I was going to blog this as Braised Lamb Shanks, but I ended up using lamb shanks, lamb shoulder, and lamb steaks. As I have mentioned in the past, we have a local lamb dealer, and this year I bought half a lamb. Unfortunately, “Mary (literally the name of my lamb lady) had a Little Lamb.” So, my lamb shanks were tiny. I combined 2 lamb shanks, 1 lamb shoulder, and 4 lamb steaks in this recipe, but you could certainly make this with all shoulder or shank (I don’t think the lamb steaks are a typical supermarket cut) – the recipe is for 4-6 lbs. total of lamb (includes bones). All of these lamb cuts have a pretty high fat content(particularly the shoulder), so I recommend braising the lamb in advance and allowing it to cool in the refrigerator so that you can easily remove the fat from the top. The finished product received rave reviews (from my family – worst critics ever). The mashed potatoes were a result of “what’s in the fridge/pantry” – which always results in some of my best recipes – this one definitely qualifies. In fact, it is worthy of it’s own blog, though I will blog it here as well. Serves 4-6.
- 4-6 lbs. of Lamb (shoulder, shank, steak or any combination)
- 3/4 Cup of Flour (for dredging)
- 4 Medium Shallots – peeled and roughly chopped
- 4 Cloves Garlic – peeled and roughly chopped
- 2 TBS. Red Wine
- 4-6 Cups of Beef Broth – enough to reach top of meat, but not cover
- 28 Oz. Crushed Tomatoes (preferably San Marzanos)
- 3 Carrots- peeled and cut into 1″ Chunks*
- 1 Package of Baby Bella (or your favorite) Mushrooms – halved
- 1 Bay Leaf
- 1 Herb Bundle (Rosemary, thyme, oregano, parsley) or 1 TBS. Dried Italian Herbs, 1-2 tsp. Dried Rosemary, and 1/2 tsp. Dried Thyme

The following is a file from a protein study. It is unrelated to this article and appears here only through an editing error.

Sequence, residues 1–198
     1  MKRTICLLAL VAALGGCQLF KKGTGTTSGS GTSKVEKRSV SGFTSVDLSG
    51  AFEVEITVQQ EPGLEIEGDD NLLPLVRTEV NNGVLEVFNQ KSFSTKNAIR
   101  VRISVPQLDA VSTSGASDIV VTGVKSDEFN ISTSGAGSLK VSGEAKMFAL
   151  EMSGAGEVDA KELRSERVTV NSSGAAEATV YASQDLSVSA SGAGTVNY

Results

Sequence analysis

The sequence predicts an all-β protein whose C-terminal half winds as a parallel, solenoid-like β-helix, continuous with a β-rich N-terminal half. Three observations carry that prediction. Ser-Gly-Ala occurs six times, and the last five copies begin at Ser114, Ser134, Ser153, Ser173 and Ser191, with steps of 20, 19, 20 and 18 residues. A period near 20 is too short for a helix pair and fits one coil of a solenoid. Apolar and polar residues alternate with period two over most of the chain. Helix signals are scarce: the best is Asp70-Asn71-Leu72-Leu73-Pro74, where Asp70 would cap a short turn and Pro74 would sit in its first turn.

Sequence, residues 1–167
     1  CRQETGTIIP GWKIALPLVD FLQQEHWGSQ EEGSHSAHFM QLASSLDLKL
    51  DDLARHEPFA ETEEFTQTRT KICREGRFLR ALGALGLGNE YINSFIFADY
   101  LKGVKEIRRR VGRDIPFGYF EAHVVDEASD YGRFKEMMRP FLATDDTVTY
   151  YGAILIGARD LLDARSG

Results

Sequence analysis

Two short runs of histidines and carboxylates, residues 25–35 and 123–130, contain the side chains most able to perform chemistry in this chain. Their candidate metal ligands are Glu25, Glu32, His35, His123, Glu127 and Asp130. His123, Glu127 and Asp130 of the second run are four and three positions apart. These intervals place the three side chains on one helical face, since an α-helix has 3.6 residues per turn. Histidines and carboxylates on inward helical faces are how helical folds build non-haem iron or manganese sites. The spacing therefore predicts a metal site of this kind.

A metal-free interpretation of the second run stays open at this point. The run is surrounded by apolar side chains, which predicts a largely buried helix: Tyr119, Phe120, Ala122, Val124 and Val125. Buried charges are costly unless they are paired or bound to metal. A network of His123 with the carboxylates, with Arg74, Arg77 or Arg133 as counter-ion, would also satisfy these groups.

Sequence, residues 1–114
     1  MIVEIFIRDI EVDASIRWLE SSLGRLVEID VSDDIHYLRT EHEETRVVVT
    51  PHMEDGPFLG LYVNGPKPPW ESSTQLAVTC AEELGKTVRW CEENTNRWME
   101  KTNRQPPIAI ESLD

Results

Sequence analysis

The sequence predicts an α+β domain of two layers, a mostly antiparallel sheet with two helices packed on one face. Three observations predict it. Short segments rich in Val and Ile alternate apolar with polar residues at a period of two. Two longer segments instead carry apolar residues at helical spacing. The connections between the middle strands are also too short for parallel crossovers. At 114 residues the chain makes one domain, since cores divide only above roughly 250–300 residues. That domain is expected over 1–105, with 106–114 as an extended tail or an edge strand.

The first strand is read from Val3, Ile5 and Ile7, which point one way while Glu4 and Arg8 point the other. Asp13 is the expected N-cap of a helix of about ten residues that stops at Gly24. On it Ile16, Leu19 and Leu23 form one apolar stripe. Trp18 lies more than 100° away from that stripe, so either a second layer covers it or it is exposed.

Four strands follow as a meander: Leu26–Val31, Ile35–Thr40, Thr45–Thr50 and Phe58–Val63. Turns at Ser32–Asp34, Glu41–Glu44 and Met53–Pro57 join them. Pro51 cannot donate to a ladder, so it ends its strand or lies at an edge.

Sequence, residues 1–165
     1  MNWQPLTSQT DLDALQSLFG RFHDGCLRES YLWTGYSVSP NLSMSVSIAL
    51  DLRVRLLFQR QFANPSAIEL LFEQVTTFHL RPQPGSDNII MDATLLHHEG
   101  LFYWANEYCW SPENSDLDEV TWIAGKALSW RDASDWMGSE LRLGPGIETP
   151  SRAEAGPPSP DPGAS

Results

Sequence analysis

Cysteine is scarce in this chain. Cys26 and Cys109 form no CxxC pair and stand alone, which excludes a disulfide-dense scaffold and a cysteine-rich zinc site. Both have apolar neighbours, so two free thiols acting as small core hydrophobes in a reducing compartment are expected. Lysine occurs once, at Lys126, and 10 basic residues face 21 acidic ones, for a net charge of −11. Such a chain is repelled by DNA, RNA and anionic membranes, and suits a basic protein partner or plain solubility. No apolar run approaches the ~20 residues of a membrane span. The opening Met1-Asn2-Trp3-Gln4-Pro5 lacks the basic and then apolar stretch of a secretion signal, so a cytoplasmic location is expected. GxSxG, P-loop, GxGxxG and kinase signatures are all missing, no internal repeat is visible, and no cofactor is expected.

- Kosher Salt and Freshly Ground Pepper
* You can add additional root vegetables such as parsnips or potatoes – I served the stew over mashed potatoes, so I did not use them.
Pat the lamb dry and season generously on all sides with Kosher salt and fresh ground pepper. Dredge each piece of lamb in flour. Heat olive oil (just enough to cover the bottom of pot) in a large stockpot or Dutch oven. When oil is hot, add lamb pieces (you probably have to do two batches) and brown on all sides. Remove lamb and set aside. Add garlic and shallots to pot and allow to sweat and remove the browned bits from the pan (add more olive oil if necessary). Add wine and allow to further deglaze the pot; continue cooking until wine is reduced by 1/2. Return the lamb (with any accumulated juices)to the pot and add the tomatoes. The lamb should be covered with cooking liquid; if not, add more beef stock. Add the herbs, cover the pot, and reduce heat. Allow to simmer for about 3 hours – until meat is very tender. Skim fat from the top (if you have time, refrigerate the whole pot and the fat will congeal and be easier to remove) and remove the herb bundle (if you used one). Season to taste with Kosher salt and freshly ground pepper. Add any additional vegetables to the pot, return to heat and cook until added vegetables are tender. Serve with mashed potatoes, polenta, or wide egg noodles.
* If you like a thicker sauce, you can make a simple slurry of corn starch and water and add to the stew to thicken it.
Buttermilk, Leek, and Gorgonzola Mashed Potatoes
- 4 Large Russett Potatoes (or 6-8 smaller boiling potatoes such as Yukon gold)- peeled and cut into 1″ chunks
- 1 tsp. Olive Oil
- 1 Leek (white and light green parts only) – thoroughly cleaned and finely chopped
- 2/3-3/4 Cup of Buttermilk
- 4-5 TBS. Gorgonzola Cheese
- 1-2 TBS. Butter
- Salt and Freshly Ground Pepper
To a stockpot, add enough water to cover potatoes. Bring water to a boil and add potatoes. Cook until potatoes are fork tender (but not mushy), about 5-6 minutes depending on the type of potato and the size of your chunks. In the meantime, heat the olive oil in a small skillet and add chopped leeks. Cook until leeks are soft; remove from heat and set aside. Add buttermilk and butter to a small saucepan and heat to just below boiling; add gorgonzola and stir until dissolved and incorporated. Drain the potatoes and mash with a masher or potato ricer. Add leeks, hot buttermilk mixture, salt and pepper (to taste) and mix thoroughly (if you like really smooth potatoes, you can use a hand mixer and whip the potatoes). Taste for seasoning, and add more salt and pepper as necessary.